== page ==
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The relatively recent history of Cambodia is horrific. Under Pol Pot and the Khmer Rouge the country was subjected to a radical social engineering project in the 1970’s that aimed to create a purely agrarian Communist society. Around two million people were forced from the cities to take up agricultural work in the countryside. The party controlled what they wore, whom they could talk to, how they acted. Children were believed to be tainted by the capitalism of their parents, so they were separated, indoctrinated in communist ideology and made a dictatorial instrument of the party, given leadership roles in the torture and execution of anyone suspected of being a traitor. And almost everyone could be considered a traitor: intellectuals, artists, minorities, city-dwellers and anyone with an education. In little more than four years the Khmer Rouge killed an estimated 1.5 million people – a fifth of the country’s population – through torture, forced labour, starvation, and executions. Unbelievably, one of the many groups targeted were the Apsara Dancers, practitioners of the classical Khmer dance which dates back to the 7th century. (The Angkor temples are festooned with thousands of images of the Apsara. During this period, dance was ritually performed at the temples as both entertainment and as a means of delivering messages to the gods.) Although 90 percent of all Cambodian classical artists perished in the genocide, the tradition of the Apsara was resurrected in the refugee camps in eastern Thailand with the few surviving Khmer dancers. Yes, I had come to Cambodia because I wanted to see the temples, but what I needed was to see this dance: elaborately dressed, performing a slow and figurative set of hand gestures and poses, invoking the gods and enacting epic poems; a testament to the power of art and a point of national pride. (Plus, anyone with even a passing familiarity with The King & I will immediately notice where Jerome Robbins stole his best ideas.) The return of the Apsara augured not only a reestablishment of civil society but,  more importantly, a resurrection of the country.

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in the eye of the beholder

Four hours ago I was in the middle of nowhere contemplating art, infinity, and my place in the universe; now I’m killing time in a suburban mall before flying home, fascinated by something called Hot Dog on a Stick. I guess art really is subjective.

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video: very, very early

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the lightning field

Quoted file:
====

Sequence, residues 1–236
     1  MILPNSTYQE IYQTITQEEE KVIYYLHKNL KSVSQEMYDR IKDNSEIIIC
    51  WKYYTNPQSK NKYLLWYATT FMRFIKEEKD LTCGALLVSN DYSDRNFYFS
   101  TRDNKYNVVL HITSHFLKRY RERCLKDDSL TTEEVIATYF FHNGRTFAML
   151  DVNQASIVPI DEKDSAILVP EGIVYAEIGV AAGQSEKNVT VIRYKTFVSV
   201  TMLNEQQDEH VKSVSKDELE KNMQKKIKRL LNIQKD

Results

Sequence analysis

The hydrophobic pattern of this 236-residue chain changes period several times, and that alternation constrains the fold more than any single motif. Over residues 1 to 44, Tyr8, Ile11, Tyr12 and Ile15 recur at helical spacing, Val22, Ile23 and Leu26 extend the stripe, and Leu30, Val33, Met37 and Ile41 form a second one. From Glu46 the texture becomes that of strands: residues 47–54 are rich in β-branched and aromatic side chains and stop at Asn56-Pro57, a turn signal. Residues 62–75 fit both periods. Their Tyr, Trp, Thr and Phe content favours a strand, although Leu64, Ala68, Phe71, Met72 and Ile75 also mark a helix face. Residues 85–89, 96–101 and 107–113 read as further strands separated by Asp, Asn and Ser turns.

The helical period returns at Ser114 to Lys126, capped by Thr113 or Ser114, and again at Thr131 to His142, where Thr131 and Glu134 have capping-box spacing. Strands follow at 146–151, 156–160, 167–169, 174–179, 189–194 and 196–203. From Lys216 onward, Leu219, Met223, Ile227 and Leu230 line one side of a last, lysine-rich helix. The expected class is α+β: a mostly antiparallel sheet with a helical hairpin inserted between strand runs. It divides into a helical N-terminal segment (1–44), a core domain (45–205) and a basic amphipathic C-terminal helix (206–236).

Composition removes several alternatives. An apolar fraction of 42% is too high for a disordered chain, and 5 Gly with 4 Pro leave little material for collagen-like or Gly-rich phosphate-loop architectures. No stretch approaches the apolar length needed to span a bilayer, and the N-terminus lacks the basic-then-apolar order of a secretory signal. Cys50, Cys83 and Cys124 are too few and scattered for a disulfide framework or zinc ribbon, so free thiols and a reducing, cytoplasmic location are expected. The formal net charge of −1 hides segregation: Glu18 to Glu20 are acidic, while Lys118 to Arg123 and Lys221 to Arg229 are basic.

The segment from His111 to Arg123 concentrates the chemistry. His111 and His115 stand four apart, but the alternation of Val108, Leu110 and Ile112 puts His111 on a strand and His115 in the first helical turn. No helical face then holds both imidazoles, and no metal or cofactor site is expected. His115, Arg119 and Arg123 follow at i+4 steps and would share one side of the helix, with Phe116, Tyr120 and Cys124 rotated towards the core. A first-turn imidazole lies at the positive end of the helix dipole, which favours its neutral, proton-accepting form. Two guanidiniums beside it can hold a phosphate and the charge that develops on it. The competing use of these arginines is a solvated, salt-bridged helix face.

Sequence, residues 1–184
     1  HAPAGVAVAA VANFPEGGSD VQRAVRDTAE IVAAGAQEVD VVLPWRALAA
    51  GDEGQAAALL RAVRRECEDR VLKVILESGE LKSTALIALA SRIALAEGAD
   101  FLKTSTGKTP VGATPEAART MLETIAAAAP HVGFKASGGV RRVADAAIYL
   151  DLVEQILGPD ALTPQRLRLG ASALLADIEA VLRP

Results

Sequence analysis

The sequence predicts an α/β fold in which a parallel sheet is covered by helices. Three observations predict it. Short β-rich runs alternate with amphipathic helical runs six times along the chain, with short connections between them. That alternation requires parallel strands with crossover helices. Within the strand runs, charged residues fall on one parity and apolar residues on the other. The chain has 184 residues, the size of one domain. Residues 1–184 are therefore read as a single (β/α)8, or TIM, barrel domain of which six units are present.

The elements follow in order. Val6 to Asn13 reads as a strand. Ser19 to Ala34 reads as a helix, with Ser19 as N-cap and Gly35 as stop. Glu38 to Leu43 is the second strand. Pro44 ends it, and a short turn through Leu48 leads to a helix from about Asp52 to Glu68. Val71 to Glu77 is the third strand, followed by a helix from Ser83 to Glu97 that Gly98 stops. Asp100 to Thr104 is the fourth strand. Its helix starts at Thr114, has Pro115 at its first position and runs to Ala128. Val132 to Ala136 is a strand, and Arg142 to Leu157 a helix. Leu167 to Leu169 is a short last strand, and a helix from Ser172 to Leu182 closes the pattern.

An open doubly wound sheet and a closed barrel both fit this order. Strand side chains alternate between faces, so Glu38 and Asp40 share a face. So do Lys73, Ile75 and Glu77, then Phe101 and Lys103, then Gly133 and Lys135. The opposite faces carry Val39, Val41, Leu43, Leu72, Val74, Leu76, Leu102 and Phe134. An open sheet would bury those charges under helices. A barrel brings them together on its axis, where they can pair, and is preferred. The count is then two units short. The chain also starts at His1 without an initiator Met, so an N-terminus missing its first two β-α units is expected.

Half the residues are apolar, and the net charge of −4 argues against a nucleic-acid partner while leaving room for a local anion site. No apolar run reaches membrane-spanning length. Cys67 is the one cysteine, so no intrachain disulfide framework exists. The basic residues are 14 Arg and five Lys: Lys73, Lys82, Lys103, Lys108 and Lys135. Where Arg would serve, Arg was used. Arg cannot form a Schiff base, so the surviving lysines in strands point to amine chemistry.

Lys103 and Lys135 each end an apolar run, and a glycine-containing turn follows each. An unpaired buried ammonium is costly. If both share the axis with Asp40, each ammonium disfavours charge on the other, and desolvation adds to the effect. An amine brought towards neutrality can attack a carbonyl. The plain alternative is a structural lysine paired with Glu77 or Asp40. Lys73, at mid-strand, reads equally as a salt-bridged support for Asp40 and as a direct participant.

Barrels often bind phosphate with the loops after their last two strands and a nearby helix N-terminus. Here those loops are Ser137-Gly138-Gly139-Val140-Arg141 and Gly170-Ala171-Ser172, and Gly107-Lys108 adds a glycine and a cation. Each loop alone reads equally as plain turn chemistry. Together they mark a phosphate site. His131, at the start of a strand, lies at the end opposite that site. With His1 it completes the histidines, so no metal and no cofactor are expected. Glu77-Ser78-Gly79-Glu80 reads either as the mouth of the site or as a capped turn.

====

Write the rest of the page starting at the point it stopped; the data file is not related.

No single image could do justice to The Lightning Field, Walter De Maria’s epic land art installation. It’s just too big – conceptually as well as physically – to be contained inside the boundaries of a frame. Yet at the same time there is something in human nature which begs to try to capture it in some way, shape, or form. So, I thought I’d include a series of individualized perspectives. Taken together they might amount to something, but until film and photography develop multi-sensory properties, it’s not even close to experiencing it as both participant and observer at once. For greater detail, click each image.

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looking for lightning

I’m off this Memorial Day weekend into the desert of Quemado, New Mexico to take part in Walter De Maria’s monumental land art project, The Lightning Field. Without cell service or internet I’ll be spending quality time in a simple hut, interacting with the art and the remote landscape. So, no live blogging but expect a full report next week. Fingers crossed for lightning. Not that it’s essential to the experience: it’s about the journey and not the destination. Even when it’s all about the destination.

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the right stuff

There is something thrilling about entering into a very specific, fully realized world not your own – even if you don’t necessarily “get it.” Tom Sachs’ Space Program: Mars currently installed in the titanic Wade Thompson Drill Hall at the Park Avenue Armory is just such a world. Marked by a striking curiosity and often ribald wit,  the films and displays which make up the bulk of the program are an invitation to reflect on abstract concepts, utopian follies and – I can’t believe I’m about to write this – dystopian realities. If that sounds like a load of bollocks, don’t be afraid: it’s not nearly as precious as all that. Think of it as a call to look at our consumer culture slightly askance; one that cajoles rather than demands your participation. (Sachs-designed Nike sneakers worn in the space program are on sale in the gift shop, too, for anyone easily seduced out of $380.) And in case you’re wondering, no, I don’t entirely “get it” – so, no worries about my going into too much detail and spoiling that sense of discovery – but that’s not going to stop me from revisiting Sachs’ inquisitive vision and contemplating it once again.

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live blog: air/craft

Standing at the end of a runway, Jeffrey Milstein captures images of aircraft moments before landing. Carefully positioned and using a high-resolution digital camera he photographs them from below as they streak past at speeds up to 175 miles per hour. A professional photographer, graphic designer, and architect, Milstein’s trained eye and steady hand produces images of pristine clarity, 33 of which are currently on display at the National Air and Space Museum in Washington, DC. In this photographic analysis, or typology, the neutral background and precise symmetry focus attention on the design, color and symmetry of each aircraft: razor-sharp lines reveal technological complexity; spread wings evoke the form of birds. The arrayed images bring to mind a scientific study of pinned butterflies. Elegantly distilled, each of Milstein’s super-sized prints seem to pull you into the air, as though you’re going along for the ride.

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california dreaming

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the first great meme of 2012

Plank this, people. Involuntary Collaborations – my pick for the first great meme of 2012. Disturbing and altogether brilliant at the same time.